I liked learning all of this.

In the Wikipedia article titled "Intarsia" (which covers woodworking intarsia and mentions intarsia done in stone) I learned, "It is thought that the word 'intarsia' is derived from the Latin word 'interserere' which means 'to insert'."

The Wikipedia article titled "Intarsia (knitting)" begins with this two sentence paragraph:  "Intarsia is a knitting technique used to create patterns with multiple colours. As with the woodworking technique of the same name, fields of different colours and materials appear to be inlaid in one another, but are in fact all separate pieces, fit together like a jigsaw puzzle."

Intarsia is an art and a craft that may be worked in various media...

Photo credits:
Collegio della Mercanzia:  http://www.flickr.com/photos/debbcollins/3939907401/
Wolf Intarsia:  http://en.wikipedia.org/wiki/File:Wolf-Intarsia-md.jpg
Mr. Lizzadro:  http://www.flickr.com/photos/suttonhoo22/4419221718/

Wednesday, July 18, 2012

Midweek Meditation

“And as we let our own light shine, we unconsciously give other people permission to do the same.”  ~  Nelson Mandela

Today is Nelson Mandela's 94th birthday.
Let your own light shine today!

Monday, July 16, 2012

Time for a Little Intarsia

I must admit that I do not have any warm and cozy feelings about working in intarsia.  For someone who loves working with color, perhaps it is surprising that I have mostly managed to avoid it in my knitting.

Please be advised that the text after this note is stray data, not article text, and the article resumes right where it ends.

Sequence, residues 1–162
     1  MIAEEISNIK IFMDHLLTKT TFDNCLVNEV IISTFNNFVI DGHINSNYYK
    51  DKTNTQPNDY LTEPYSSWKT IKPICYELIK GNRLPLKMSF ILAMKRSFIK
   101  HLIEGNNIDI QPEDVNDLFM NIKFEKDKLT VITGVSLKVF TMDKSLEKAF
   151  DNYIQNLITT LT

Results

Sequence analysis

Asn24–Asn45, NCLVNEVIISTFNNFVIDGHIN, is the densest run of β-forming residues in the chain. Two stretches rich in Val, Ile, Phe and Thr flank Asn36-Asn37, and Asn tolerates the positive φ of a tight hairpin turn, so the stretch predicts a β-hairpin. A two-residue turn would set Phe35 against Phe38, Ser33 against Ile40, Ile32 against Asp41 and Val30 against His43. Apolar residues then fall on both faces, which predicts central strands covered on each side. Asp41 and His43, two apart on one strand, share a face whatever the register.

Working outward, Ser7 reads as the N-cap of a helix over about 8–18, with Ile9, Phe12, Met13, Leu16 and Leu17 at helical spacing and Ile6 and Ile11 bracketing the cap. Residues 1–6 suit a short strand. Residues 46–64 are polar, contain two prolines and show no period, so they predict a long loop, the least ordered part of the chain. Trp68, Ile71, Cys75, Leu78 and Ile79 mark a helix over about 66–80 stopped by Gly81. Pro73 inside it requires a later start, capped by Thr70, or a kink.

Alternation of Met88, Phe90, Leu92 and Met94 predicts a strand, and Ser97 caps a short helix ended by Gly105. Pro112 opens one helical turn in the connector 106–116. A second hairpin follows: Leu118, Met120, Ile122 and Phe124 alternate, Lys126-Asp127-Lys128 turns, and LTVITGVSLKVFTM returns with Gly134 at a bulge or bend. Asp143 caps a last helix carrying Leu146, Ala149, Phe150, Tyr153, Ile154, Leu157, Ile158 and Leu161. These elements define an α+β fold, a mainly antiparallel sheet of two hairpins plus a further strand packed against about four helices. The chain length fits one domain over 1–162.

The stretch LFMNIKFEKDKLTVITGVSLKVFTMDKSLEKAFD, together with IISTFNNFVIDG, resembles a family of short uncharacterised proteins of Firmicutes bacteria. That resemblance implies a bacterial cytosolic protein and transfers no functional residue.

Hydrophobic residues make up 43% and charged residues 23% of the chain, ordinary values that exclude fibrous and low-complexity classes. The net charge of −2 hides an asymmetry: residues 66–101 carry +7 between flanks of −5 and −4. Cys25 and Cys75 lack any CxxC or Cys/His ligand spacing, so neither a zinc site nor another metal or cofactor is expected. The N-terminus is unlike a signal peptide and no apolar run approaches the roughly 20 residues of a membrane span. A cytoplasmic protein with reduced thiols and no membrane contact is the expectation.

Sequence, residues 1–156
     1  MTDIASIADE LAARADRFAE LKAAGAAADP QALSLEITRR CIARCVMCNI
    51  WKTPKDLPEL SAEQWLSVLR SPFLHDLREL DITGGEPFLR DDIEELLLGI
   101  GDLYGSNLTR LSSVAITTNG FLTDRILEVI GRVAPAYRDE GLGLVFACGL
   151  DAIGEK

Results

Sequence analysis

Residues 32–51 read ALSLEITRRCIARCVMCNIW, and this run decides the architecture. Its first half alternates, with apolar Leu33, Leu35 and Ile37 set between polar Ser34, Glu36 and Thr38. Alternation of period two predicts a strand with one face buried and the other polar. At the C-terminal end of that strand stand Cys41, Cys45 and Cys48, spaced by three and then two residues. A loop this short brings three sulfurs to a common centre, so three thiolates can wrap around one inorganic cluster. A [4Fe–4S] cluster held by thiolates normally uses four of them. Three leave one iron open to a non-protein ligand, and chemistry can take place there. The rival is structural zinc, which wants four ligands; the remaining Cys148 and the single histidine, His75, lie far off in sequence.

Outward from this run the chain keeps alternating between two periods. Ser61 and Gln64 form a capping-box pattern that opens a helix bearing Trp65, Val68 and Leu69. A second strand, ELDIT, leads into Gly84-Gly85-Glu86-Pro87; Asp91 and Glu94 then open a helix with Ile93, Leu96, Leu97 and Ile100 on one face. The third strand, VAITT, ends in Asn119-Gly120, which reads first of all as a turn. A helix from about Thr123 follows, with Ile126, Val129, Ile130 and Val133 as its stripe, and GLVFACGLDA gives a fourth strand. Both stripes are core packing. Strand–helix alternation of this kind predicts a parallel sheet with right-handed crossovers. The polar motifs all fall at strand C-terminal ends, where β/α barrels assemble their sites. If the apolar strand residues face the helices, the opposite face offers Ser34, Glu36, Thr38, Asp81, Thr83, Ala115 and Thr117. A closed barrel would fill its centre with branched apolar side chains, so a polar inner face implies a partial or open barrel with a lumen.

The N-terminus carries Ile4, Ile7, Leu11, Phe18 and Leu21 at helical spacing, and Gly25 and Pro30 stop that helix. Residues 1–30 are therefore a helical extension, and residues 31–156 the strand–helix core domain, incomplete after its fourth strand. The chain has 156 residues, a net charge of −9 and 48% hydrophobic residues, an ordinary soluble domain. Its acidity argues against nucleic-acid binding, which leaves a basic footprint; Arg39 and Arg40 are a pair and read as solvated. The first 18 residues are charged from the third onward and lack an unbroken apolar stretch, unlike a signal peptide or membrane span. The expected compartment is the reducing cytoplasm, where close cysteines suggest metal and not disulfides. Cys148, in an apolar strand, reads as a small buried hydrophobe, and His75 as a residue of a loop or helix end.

My Mom made an extremely cute little sweater for my fantastic little son when he was in preschool.  It had a dinosaur on front and another on the back.  She choose to work the dino's in duplicate stitch to avoid working in intarsia.  I wish that I still had that little sweater, but I passed it down to a nephew, and you know how that goes.  I still have this colorful little hat that my Mom made for my equally fantastic daughter when she was in first grade.

For this project she did work in itarsia, and I even found the bobbins that she had used in a bag with her remaining Tahki Cotton Classic.

I have recently pulled out those bobbins and have spent a little time working on my own intarsia project... I have concluded that there are two trying things about this technique...

The first is yarn management while knitting.  The work will have two or three, or sometimes countless numbers of strands of yarn being worked.  They can be in balls, or on bobbins (you often need to wind some of a color to be used in more than one area onto a bobbin).  Since each time you change colors you do need to twist them together, all your balls and bobbins repeatedly get tangled.  It is necessary, periodically, to pause to untwist them.  (Sorry that I did not take any photos of the knitting in progress... I was traveling by car... and it was all over my lap... not to mention that any photo I shot would have just looked like one 'hot' mess.)  I soon found it beneficial to do the untangling at the start of every wrong side row, since that is when all of the ends were facing.

This is what my project looks like now.

The anchor does not look so bad from a distance.  But there is a certain amount of unevenness that I will have to try to tame as I weave in the ends.

And true to intarsisa, there are a large number of ends.

The second trying thing about working in intarsia happens after all of the knitting is done.  Somehow this seems more trying to me than the knitting itself.  (Did I ever mention that I am a bit of a perfectionist?)  The second trying thing about intarsia is adjusting the tensions so that the stitches are perfectly are close to perfectly even.